Area 407 Reviews
I'll never understand what IFC Films sees in half the films they help distribute; especially the films that are a part of their IFC Midnight sub-chain, which specializes mostly in horror movies or movies of a darker nature in general. Once in a while, they'll help get a pretty good or even great genre flick out there but that feels like merely once in a blue moon. Most of the time, they're either assisting Tom Six in spreading his cinematic hate-letters (and I don't even mind the "Human Centipede" pictures thus far) or releasing stinking piles of pure dog-shit like "Area 407"; a dull exercise in found footage that the makers and the distributers would probably like to believe is way more artsy and entertaining than it actually is.
As it opens, we're introduced to a pair of sisters heading to their home of sunny LA, one of them an annoying brat who likes to play around with her sister's handheld camcorder. Once they've boarded the plane, the annoying sister starts filming everything and every passenger; including some poor middle-aged bald guy who both sisters believe is an alcoholic (so, yeah, not so nice to laugh at the guy's problems). When they're just about to reach their destination, the plane hits extreme turbulence and crashes in the middle of nowhere; certainly not Los Angeles. We assume that a lot of people die, but a lot of the crew also survives; including one of the flight attendants. Then we hear the combined sounds of human cries for help and animalistic roaring in the distance.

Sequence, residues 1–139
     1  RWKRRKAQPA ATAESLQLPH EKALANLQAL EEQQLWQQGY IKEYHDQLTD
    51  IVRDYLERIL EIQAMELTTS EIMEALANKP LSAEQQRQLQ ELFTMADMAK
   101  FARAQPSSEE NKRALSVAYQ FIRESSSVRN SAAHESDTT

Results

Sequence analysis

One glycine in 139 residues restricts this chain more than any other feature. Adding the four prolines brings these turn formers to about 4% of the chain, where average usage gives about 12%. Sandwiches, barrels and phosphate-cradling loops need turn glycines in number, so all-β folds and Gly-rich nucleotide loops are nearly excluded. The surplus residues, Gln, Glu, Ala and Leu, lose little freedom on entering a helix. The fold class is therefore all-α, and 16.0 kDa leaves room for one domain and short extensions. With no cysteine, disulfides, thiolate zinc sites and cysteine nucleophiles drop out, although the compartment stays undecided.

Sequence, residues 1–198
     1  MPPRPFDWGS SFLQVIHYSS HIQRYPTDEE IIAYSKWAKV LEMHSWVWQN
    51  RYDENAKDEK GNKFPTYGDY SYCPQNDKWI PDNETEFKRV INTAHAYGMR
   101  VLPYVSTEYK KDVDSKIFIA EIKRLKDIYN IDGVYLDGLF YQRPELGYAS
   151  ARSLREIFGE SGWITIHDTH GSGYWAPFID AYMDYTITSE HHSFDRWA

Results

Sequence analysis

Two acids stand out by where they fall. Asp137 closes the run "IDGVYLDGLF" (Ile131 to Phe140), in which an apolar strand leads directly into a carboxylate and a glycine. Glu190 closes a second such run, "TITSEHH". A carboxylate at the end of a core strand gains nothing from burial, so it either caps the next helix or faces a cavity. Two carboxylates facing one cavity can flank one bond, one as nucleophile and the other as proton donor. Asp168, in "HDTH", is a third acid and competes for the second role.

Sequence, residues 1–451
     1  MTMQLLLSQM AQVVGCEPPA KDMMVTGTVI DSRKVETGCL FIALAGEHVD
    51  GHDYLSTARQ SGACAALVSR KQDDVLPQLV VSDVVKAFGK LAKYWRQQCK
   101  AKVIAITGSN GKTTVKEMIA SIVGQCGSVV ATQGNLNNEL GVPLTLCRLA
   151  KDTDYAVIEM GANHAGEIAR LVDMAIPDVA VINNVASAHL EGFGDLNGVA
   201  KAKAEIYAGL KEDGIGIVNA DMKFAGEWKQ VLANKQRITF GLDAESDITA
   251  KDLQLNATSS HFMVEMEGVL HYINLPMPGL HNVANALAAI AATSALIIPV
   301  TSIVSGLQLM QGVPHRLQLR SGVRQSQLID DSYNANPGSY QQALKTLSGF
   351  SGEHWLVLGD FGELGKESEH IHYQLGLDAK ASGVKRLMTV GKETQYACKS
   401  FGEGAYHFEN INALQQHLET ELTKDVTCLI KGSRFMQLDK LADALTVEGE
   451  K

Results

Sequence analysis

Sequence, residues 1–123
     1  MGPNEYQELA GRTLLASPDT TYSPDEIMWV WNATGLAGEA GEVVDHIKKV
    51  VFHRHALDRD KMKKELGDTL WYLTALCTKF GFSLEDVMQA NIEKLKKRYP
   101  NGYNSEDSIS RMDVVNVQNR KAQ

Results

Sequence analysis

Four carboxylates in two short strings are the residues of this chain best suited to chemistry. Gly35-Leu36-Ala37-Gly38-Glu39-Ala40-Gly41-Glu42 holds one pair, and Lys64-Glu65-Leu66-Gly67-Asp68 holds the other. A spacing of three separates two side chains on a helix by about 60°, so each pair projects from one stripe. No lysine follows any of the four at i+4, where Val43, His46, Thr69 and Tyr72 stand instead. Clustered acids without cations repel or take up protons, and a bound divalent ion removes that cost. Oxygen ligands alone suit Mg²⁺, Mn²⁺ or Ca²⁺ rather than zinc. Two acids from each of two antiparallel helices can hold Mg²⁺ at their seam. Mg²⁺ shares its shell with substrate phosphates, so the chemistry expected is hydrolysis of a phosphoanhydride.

For the longest time, these stupid characters won't stop bickering with one another. It's not too long before we learn that poor middle-aged bald guy is not very "poor" at all, at least not in the sense that I originally thought he might be. His attitude is certainly of no more or less that quality, I can tell you that. The group has to move whilst staying together in order to find shelter; since something is stalking them nearby in the darkness, and that something happens to be some sort of dinosaur (a raptor perhaps). Well, you can't say they've done everything with the found footage genre!
The film offers up as little characterization as possible, and that is where it is most dreadful. We don't care for these people in spite of their dilemma, and even though the first fifteen minutes of the film are decent if not in an empty, soulless sort of way; the whole thing is mostly kind of joyless. I've seen the good, the bad, and the ugly of found footage; and you can guess where this one belongs. The film doesn't even make good use of its villain; instead resorting to techniques that we've seen so many times before and utilized much better. Plus, the dino effects are bad, so...yeah. And the explanation for their presence (the plane crashed in the titular area 407, kind of like Area 51), while not illogical, is even more disappointing.